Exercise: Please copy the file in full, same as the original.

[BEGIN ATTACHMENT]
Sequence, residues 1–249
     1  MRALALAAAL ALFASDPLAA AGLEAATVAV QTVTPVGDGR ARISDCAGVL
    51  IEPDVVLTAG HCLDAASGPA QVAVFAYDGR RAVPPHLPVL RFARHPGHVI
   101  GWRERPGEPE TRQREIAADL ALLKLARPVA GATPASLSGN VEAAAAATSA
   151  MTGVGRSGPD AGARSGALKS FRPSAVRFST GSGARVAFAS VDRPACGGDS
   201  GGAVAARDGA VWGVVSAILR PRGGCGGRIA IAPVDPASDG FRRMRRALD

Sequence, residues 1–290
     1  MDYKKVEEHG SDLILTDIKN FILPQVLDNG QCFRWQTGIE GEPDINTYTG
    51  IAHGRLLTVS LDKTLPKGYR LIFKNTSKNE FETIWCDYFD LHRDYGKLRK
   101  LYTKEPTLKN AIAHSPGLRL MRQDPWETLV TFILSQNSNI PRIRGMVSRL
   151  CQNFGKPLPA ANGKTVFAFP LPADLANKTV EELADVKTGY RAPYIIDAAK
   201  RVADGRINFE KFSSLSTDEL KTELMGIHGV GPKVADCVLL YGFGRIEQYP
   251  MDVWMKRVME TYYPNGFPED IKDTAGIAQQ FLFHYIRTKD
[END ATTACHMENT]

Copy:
Sequence, residues 1–249
     1  MRALALAAAL ALFASDPLAA AGLEAATVAV QTVTPVGDGR ARISDCAGVL
    51  IEPDVVLTAG HCLDAASGPA QVAVFAYDGR RAVPPHLPVL RFARHPGHVI
   101  GWRERPGEPE TRQREIAADL ALLKLARPVA GATPASLSGN VEAAAAATSA
   151  MTGVGRSGPD AGARSGALKS FRPSAVRFST GSGARVAFAS VDRPACGGDS
   201  GGAVAARDGA VWGVVSAILR PRGGCGGRIA IAPVDPASDG FRRMRRALD

Sequence, residues 1–290
     1  MDYKKVEEHG SDLILTDIKN FILPQVLDNG QCFRWQTGIE GEPDINTYTG
    51  IAHGRLLTVS LDKTLPKGYR LIFKNTSKNE FETIWCDYFD LHRDYGKLRK
   101  LYTKEPTLKN AIAHSPGLRL MRQDPWETLV TFILSQNSNI PRIRGMVSRL
   151  CQNFGKPLPA ANGKTVFAFP LPADLANKTV EELADVKTGY RAPYIIDAAK
   201  RVADGRINFE KFSSLSTDEL KTELMGIHGV GPKVADCVLL YGFGRIEQYP
   251  MDVWMKRVME TYYPNGFPED IKDTAGIAQQ FLFHYIRTKD